At the heart of today’s abolitionist movement are currently and formerly incarcerated people, their families, and survivors of state and domestic violence. The abolitionist organization Survived and Punished emerged out of campaigns to free Marissa Alexandra, a survivor of domestic abuse who fired a warning shot in the direction of her estranged husband (it hit no one) and was subsequently sentenced to 20 years in prison. Abolitionist groups such as Free Hearts are run by formerly incarcerated women, and political education groups like Dreaming Freedom Practicing Abolition are led by currently incarcerated folks. This model of organizing people around their experiences with the prison system is a valuable example of what leftists can do as more and more people are joining the ranks of the precariously employed, the so-called surplus population that is always vulnerable to being criminalized.
To understand how the state controls working and poor people, we must center not just the white worker, but also the Black worker, who is always seen by state and society as an almost-criminal — always at risk of joining the surplus population, being swept from the respectable world of work to the disreputable world of prison.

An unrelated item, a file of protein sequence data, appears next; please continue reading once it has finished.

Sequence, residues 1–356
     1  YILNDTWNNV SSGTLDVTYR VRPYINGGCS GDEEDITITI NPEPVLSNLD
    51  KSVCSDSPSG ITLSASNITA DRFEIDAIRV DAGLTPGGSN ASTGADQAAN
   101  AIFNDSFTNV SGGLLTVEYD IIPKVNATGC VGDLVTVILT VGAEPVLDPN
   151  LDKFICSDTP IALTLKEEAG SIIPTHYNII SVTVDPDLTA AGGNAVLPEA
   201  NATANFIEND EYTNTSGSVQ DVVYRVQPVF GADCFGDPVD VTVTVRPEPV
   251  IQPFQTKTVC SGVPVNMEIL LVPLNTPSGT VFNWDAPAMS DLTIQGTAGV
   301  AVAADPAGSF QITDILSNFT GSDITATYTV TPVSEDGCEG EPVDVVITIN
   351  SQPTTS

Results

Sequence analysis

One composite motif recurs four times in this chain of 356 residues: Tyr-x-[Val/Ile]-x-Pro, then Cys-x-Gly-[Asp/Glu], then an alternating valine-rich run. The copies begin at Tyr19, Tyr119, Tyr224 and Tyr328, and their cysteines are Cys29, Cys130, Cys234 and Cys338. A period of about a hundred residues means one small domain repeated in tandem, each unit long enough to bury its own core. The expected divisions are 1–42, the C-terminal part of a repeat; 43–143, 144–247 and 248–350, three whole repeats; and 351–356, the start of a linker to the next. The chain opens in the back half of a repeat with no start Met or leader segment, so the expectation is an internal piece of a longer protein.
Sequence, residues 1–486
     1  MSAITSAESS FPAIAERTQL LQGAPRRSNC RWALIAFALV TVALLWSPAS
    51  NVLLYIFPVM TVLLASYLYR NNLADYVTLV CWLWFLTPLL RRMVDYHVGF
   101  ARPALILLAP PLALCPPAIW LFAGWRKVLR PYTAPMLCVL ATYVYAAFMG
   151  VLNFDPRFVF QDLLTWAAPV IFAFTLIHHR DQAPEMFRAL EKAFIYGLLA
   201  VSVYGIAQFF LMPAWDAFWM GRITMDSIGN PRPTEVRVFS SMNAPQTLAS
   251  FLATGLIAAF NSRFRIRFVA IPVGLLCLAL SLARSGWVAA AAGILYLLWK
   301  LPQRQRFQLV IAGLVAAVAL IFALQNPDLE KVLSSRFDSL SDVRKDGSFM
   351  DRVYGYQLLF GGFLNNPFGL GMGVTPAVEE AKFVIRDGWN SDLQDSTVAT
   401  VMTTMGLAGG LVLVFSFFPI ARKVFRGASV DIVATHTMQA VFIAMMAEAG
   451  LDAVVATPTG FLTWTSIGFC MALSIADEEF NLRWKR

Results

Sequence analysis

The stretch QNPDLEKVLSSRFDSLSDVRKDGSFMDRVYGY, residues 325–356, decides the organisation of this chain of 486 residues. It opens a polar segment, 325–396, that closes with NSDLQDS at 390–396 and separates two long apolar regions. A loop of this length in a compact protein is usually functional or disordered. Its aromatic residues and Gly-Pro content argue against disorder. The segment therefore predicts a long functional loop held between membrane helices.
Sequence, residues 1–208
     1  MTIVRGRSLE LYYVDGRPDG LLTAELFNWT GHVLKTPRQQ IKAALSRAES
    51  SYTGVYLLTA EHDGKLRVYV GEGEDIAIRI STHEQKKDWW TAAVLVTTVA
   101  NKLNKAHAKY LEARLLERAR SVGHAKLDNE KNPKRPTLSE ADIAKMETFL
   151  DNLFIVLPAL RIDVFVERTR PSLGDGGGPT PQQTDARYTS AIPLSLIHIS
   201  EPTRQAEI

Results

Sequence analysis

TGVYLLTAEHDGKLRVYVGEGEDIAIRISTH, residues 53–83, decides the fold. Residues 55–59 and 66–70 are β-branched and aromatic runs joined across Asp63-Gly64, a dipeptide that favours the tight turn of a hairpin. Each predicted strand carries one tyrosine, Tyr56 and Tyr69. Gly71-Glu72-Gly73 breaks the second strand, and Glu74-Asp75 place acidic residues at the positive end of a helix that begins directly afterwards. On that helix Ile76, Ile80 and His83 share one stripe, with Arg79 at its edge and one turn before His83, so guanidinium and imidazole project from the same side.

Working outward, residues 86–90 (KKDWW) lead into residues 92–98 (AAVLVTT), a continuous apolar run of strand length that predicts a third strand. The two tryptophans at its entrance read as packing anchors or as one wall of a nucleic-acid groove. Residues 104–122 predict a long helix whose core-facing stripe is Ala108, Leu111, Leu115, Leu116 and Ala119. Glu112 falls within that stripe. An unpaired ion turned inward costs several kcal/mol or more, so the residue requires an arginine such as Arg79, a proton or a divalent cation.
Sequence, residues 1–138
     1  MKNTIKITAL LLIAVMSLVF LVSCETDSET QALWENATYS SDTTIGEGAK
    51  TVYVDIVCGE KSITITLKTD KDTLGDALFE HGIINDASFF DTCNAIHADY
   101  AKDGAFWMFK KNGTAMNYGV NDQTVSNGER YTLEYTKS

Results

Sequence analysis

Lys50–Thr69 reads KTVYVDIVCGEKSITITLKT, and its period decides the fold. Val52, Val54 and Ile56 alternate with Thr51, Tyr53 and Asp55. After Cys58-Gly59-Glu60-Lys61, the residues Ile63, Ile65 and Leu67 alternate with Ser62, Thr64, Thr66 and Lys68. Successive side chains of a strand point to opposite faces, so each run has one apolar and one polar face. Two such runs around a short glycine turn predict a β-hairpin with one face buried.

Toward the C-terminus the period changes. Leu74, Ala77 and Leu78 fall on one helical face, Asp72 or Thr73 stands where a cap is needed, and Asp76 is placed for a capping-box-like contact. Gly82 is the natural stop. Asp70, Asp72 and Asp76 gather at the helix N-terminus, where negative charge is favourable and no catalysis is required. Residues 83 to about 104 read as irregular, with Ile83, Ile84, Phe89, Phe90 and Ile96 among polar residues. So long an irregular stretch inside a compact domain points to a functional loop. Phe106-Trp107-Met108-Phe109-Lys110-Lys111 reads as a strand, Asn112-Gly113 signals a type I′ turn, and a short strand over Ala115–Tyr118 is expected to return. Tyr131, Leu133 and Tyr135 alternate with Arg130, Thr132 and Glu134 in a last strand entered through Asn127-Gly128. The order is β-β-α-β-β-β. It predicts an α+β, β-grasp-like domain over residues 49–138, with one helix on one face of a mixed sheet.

As an organizer, I’ve seen many times how abolitionist politics can help people make sense of the world. While passing out a zine produced by my small collective, Abolition Action, on a nice autumn day not long after the election, I met a man sweeping up trash in Brooklyn’s Albee Square. He took the zine and 10 minutes later came back to tell me about his time in prison, how police and courts colluded to bring people back into the system again and again, and how he felt as if no one cared about people like him. He took my email; he thought what we were saying in our zine made a lot of sense, that what I was saying about prisons as a means of controlling working-class people tracked with his experience, and he wanted to know more. He said he’d hardly ever had the opportunity to have a conversation like the one we had.